Lee TE, MA McCarthy, BA Wintle, M Bode, DL Roberts and MA Burgman (2014) Inferring extinctions from sighting records of variable reliability. JOURNAL OF APPLIED ECOLOGY 2014(51):-251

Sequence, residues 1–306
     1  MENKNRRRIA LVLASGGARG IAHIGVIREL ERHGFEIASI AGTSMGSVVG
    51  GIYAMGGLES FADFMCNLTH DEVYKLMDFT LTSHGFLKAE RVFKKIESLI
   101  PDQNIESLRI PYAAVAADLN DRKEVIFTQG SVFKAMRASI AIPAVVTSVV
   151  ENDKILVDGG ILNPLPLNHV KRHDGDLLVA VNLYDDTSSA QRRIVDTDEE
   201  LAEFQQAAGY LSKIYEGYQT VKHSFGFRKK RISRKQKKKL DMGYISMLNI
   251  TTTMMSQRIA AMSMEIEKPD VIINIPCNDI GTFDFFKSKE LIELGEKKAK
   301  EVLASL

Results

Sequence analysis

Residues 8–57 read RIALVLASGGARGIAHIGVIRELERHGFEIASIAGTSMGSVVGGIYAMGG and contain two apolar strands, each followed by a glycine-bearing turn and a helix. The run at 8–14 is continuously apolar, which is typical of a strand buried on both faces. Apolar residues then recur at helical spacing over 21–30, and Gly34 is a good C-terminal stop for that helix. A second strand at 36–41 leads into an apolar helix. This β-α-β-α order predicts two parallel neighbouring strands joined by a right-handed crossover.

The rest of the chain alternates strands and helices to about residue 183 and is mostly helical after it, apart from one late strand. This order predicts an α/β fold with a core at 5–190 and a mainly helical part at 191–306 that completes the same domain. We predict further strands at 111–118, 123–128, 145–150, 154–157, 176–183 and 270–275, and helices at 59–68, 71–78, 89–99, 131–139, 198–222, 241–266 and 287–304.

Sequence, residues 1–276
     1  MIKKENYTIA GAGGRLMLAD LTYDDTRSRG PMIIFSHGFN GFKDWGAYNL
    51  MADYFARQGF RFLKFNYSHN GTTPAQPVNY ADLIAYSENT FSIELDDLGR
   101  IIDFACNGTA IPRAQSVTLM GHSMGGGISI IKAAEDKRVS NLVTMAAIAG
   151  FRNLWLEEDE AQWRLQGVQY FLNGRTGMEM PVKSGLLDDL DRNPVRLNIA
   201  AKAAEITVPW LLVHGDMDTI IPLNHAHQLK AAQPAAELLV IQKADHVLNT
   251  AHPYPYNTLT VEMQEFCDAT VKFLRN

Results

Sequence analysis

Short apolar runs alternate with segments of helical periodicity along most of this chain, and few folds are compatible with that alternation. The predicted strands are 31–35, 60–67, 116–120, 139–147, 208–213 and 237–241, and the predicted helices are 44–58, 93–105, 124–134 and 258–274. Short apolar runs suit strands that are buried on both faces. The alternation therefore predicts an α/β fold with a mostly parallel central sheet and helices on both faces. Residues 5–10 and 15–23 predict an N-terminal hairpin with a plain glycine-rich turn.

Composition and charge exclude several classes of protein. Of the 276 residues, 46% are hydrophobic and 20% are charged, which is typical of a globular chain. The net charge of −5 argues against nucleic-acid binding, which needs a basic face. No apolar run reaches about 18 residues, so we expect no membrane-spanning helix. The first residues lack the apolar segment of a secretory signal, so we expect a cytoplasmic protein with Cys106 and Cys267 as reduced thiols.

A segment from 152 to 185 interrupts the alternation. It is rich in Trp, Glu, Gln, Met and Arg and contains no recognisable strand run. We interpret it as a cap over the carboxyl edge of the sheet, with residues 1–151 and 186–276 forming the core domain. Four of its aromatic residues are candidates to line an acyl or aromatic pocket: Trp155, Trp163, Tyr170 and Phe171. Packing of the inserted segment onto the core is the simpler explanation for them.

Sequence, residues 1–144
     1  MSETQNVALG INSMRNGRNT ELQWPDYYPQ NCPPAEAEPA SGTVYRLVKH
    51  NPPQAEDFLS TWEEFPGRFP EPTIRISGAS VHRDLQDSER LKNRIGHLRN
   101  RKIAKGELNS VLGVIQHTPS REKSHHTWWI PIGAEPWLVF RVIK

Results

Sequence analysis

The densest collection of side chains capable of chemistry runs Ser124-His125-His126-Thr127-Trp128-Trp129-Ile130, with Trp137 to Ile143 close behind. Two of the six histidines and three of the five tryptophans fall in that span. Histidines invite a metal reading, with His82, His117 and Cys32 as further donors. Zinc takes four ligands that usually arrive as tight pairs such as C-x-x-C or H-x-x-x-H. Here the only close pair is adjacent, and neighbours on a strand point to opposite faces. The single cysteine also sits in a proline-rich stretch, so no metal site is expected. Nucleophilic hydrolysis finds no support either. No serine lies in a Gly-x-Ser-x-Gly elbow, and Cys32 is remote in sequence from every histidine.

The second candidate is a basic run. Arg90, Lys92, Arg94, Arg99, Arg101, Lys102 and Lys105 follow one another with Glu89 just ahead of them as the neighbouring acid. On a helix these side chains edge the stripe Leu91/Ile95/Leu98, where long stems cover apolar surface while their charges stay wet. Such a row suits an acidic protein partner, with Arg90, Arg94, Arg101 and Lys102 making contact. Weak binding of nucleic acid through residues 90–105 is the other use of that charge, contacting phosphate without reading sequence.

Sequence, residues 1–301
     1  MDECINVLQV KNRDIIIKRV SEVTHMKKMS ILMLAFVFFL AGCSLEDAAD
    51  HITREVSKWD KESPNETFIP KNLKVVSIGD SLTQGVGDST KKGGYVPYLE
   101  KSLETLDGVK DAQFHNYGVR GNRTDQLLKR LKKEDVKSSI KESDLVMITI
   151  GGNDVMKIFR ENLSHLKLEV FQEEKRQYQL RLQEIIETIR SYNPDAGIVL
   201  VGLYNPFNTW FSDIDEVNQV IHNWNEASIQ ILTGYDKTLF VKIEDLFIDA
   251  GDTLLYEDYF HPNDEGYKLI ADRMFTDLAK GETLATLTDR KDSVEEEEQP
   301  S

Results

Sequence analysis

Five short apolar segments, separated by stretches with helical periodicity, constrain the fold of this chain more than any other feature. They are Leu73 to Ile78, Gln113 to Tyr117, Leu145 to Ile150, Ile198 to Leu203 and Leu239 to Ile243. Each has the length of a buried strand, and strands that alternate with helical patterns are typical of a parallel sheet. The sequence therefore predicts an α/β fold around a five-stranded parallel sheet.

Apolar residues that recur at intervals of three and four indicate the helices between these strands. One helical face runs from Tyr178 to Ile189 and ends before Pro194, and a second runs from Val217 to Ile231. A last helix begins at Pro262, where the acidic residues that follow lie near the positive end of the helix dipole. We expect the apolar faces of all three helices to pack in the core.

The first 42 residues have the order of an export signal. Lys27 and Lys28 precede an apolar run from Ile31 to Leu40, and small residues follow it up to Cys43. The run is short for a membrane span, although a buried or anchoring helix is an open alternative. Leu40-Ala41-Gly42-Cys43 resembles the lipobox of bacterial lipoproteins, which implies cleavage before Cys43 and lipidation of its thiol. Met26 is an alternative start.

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A range of mathematical models has been developed to infer whether a species is extinct based on a sighting record. Although observations have variable reliability, current methods for detecting extinction do not differentiate observation qualities. A more suitable approach would consider certain and uncertain sightings throughout the sighting period. We consider a small population system, meaning we assume sighting rates are constant and the population is not declining. Based on such an assumption, we develop a Bayesian method that assumes that certain and uncertain sightings occur independently and at uniform rates. These two types of sightings are connected by a common extinction date. Several rates of false sightings can be calculated to differentiate between observation types. Prior rates of false and true sightings, as well as a prior probability that the species is extant, are included. The model is implemented in OpenBugs, which uses Markov chain Monte Carlo (MCMC). Based on records of variable reliability, we estimate the probability that the following species are extinct: Caribbean seal Monachus tropicalis, grey, black-footed ferret Mustela nigripes, Audubon & Bachman, greater stick-nest rat Leporillus conditor, Sturt, and lesser stick-nest rat Leporillus apicalis, Gould. As further examples, Birdlife International provided the sighting records for the Alaotra grebe Tachybaptus rufolavatus, Delacour, Jamaica petrel Pterodroma caribbaea, Carte, and Pohnpei mountain starling Aplonis pelzelni, Finsch, with prior probabilities for extinction. The results are compared with existing methods, which ignore uncertain sightings. We find that including uncertain sightings can considerably change the probability that the species is extant, in either direction. However, in our examples, including the quality of the uncertain sighting made little difference. When we ignore uncertain sightings, our results agree with existing methods, especially when the last sighting was near the end of the sighting period. Synthesis and applications. Estimating the probability that a species is extinct based on sighting records is important when determining conservation priorities and allocating available resources into management activities. Having a model that allows for certain and uncertain observations throughout the sighting period better accommodates the realities of sighting quality, providing a more reliable basis for decision-making.